If you are a senior Java developer anywhere in the US and are interested in moving to Boulder, I’d like to hear from you.
There was a nice article in Bloomberg Businessweek last week about Why Boulder Is America’s Best Town for Startups. With the combination of the new startup activity over the past few years combined with the rapid growth of a number of medium sized companies and renewed hiring from some of the outposts of major tech companies based here, we’ve clearly entered another cycle in Boulder where talent is tight and demand for senior folks is once again at a high point.
Of course, if you are living in Boulder or Denver and aren’t happy with your current job, feel free to reach out to me. But I’m also game to talk to people that are interested in relocating to what I think is the best small city in America.
Amy and I stayed in downtown Boulder over the weekend. It was pouring rain on Friday afternoon, flawlessly beautiful on Saturday through Sunday morning when we went for a long walk on the Boulder Creek Path, and then it snowed overnight last night. Here’s the view from our window.
My iPhone tells me that it’s going to be 70 degrees on Wednesday. Welcome to spring time in Boulder.
I got anxious just reading the book You, Me & The U.S. Economy.
Last Thursday, I had a beautiful dinner at Susan and Richard Casey’s house. The Casey’s co-founded and run Square 1 Bank and have become good friends over the past few years. During dinner we had a wide ranging conversation about a bunch of things “not-tech.” On my way out, Susan handed me a book titled You, Me & The U.S. Economy by her friend Stacy Carlson. I tossed it in my bag along with the book Richard gave me (Thomas Sowell’s Intellectuals and Society). I started reading it last night and finished it up today.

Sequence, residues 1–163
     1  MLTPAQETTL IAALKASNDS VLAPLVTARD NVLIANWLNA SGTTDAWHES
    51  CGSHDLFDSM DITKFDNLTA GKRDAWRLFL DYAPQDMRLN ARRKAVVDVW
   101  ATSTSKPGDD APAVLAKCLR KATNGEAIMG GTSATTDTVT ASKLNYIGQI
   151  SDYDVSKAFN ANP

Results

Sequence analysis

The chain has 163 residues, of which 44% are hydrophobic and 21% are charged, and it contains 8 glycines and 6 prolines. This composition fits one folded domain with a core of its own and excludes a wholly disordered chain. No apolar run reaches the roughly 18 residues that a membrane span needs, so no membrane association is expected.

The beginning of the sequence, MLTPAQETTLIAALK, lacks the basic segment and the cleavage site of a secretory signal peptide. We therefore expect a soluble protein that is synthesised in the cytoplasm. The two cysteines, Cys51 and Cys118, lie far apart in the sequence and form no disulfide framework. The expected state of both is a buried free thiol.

It lived up to its subtitle “A Plainspoken Story of Financial Crisis.” The only other book I’ve read on the financial crisis of 2008 was Andrew Ross Sorkin’s Too Big To Fail. Amy and I were in the UK on a week off the grid from 9/12/08 to 9/20/08 so we left as the crisis was blossoming and returned to a very different financial superstructure. I found Too Big To Fail to be riveting but felt that it was missing something. After reading You, Me & The U.S. Economy I realized that Sorkin was doing too much storytelling and didn’t really get under the skin of some of the massive intellectual contradictions going on. I think Carlson filled that gap for me without necessarily trying.
Carlson was Paulson’s speechwriter during the financial crisis. The book is told in her voice and describes the events as they unfolded. She does it is clear language (she is a speechwriter after all), is delightfully self-deprecating, and defines and endless array of terms and acronyms in a way that a human can understand. She also gives a somewhat different view of the events from the inside – less drama and inside baseball than Sorkin, but just as much sense of stress, anxiety, and urgency.
If you are interested in the history of the financial crisis, want to understand what it looked like from the inside to someone who was part of the battle but not on the front lines, or just want a dose of anxiety, you’ll enjoy You, Me & The U.S. Economy.
In the continuation of the Learning to Program series with Nate Abbott and Natty Zola from Everlater, I asked them a few questions about which web sites, books, and blogs they consumed at the beginning of their journey when they knew nothing about programming.
It turns out that Nate and Natty spent most of their time simply searching for what they were looking for. Whenever a specific topic came up, they’d use Google, be patient when reading through the search results and forums, refine their search, and keep trying. They discovered that there are an amazing number of programmers who publish code on their personal blogs. As they were trying to get basic stuff to work, they spent time searching for and then reading the full posts and comments.
While they like sites like Stack Overflow and Github’s wiki pages on different open source projects, Nate and Natty never found a great site on the web that has comprehensive documentation on how to program. Instead, they concentrated on being smarter than the problem, really thinking it through and isolating what they needed to learn, and then being patient in searching for and researching the answer.
As Nate and Natty landed on a language and a set of frameworks to work with (more on that in another post) they spent a lot of time with the API documentation for languages and frameworks. As dry as it might be, they waded through the Rails API, the jQuery API, and even the WC3 documentation. But they often quickly ended up back at Google searching away.